Chronic hepatitis B was defined by positive results for HBsAg in a minimum of six months. All subjects with positive results for HBsAg with enzyme-linked immunosorbent assay (ELISA) and HBV-DNA with reverse transcription-polymerase chain reaction (RT-PCR) were selected as patients. Criteria for chronic infection of hepatitis B were as follows; HBsAg positive > 6 months, serum HBV DNA > 20,000 IU/mL and persistent or intermittent elevation in AST and ALT levels; we did not have liver biopsy results. All patients’ blood samples had an elevated alanine aminotransferase (ALT) of at least 2-fold higher than upper limits of normal value.

Exclusion criteria were coinfection with HCV, HEV, HAV or HIV, hepatorenal syndrome, hepatocellular carcinoma (HCC) and active alcohol abuse.

The control group consisted of 200 healthy subjects (109 males and 91 females, aged 17 - 67 years old, mean age of 31.11 ± 7.54 years old), none of whom had any history of hepatitis B infection. The control group comprised anti-HBs and anti-HBc positive healthy volunteers (resolved HBV). Patient and control populations were of the same geographical area. There was no difference between groups regarding gender and ethnicity.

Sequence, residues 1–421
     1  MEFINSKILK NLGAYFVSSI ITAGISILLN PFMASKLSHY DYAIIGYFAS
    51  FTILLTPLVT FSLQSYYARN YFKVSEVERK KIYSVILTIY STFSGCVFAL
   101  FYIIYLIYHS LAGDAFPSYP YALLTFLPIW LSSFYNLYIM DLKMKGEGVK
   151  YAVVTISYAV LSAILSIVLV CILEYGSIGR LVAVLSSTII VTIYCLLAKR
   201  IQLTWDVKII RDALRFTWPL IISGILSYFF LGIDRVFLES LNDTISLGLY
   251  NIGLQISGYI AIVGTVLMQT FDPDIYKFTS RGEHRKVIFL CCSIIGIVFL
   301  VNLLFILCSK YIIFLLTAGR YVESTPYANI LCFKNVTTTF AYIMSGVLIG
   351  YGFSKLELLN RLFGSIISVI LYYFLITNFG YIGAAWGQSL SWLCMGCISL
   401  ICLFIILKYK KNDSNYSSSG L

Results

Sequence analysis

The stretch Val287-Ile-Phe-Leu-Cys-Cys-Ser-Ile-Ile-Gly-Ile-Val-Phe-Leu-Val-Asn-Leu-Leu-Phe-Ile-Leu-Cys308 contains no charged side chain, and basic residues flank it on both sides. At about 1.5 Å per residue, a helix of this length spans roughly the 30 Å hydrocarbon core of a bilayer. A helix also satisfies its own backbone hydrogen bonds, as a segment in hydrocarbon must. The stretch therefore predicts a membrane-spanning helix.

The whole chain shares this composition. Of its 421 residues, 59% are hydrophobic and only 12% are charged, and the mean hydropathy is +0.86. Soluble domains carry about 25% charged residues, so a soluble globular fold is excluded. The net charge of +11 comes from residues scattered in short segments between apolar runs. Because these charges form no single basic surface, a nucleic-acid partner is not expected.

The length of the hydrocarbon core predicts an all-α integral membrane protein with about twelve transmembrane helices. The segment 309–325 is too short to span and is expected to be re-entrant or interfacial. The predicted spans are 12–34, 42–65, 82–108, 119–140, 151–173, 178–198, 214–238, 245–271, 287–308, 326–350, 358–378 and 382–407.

3.2. Genotyping of Polymorphisms

Genomic DNA was extracted from a 2 mL sample of whole blood collected into EDTA. Extraction was performed using the salting-out method.

The 3 biallelic IL-10 promoter polymorphisms were detected by PCR-RFLP method using primers that amplified a short fragment of DNA containing the polymorphism.

One pair of primers (forward: 5'-GGTGAGCACTACCTGACTAGC-3', reverse: 5'-CCTAGGTCACAGTGACGTGG) was used to amplify relevant fragment and analyze the 592(C/A; rs1800872) variation. Amplification was performed in a volume of 20 µL containing 1 µL of each primer, 100 ng of template DNA and 10 µL of 2X Prime Taq Premix (Genet Bio, Korea) and 7 µL ddH2O. Polymerase chain reactions were run for 30 cycles; initial denaturation for 5 minutes at 95°C, denaturation for 30 seconds at 95°C, annealing for 30 seconds at 60°C, extension for 30 seconds at 72°C and final extension for 5 minutes at 72°C. The product (10 µL) was digested with RSaI (Fermentas, Vilnius, Lithuania) restriction enzyme at 37°C for 16 hours, subjected to electrophoresis in 2% agarose gel (Invitrogen, The USA), and stained with ethidium bromide (Figure 1). IL-10 A-592 allele gives 2 fragments of 236 and 176 bp and IL-10 C-592 allele gives a single 412-bp fragment.

Figure 1. Agarose Gel Electrophoresis Illustrating PCR Products for the IL-10 Promoter Polymorphism (IL10-592 A/C SNP)
Agarose Gel Electrophoresis Illustrating PCR Products for the IL-10 Promoter Polymorphism (IL10-592 A/C SNP)

Lane 1, marker; lanes 2 and 5, homozygous CC subjects (C allele does not digest with RSaI); lanes 3 and 6, heterozygous AC subjects; lanes 4 and 7, homozygous AA subjects (A allele digests with RSaI to produce 236 bp and 176 bp fragments).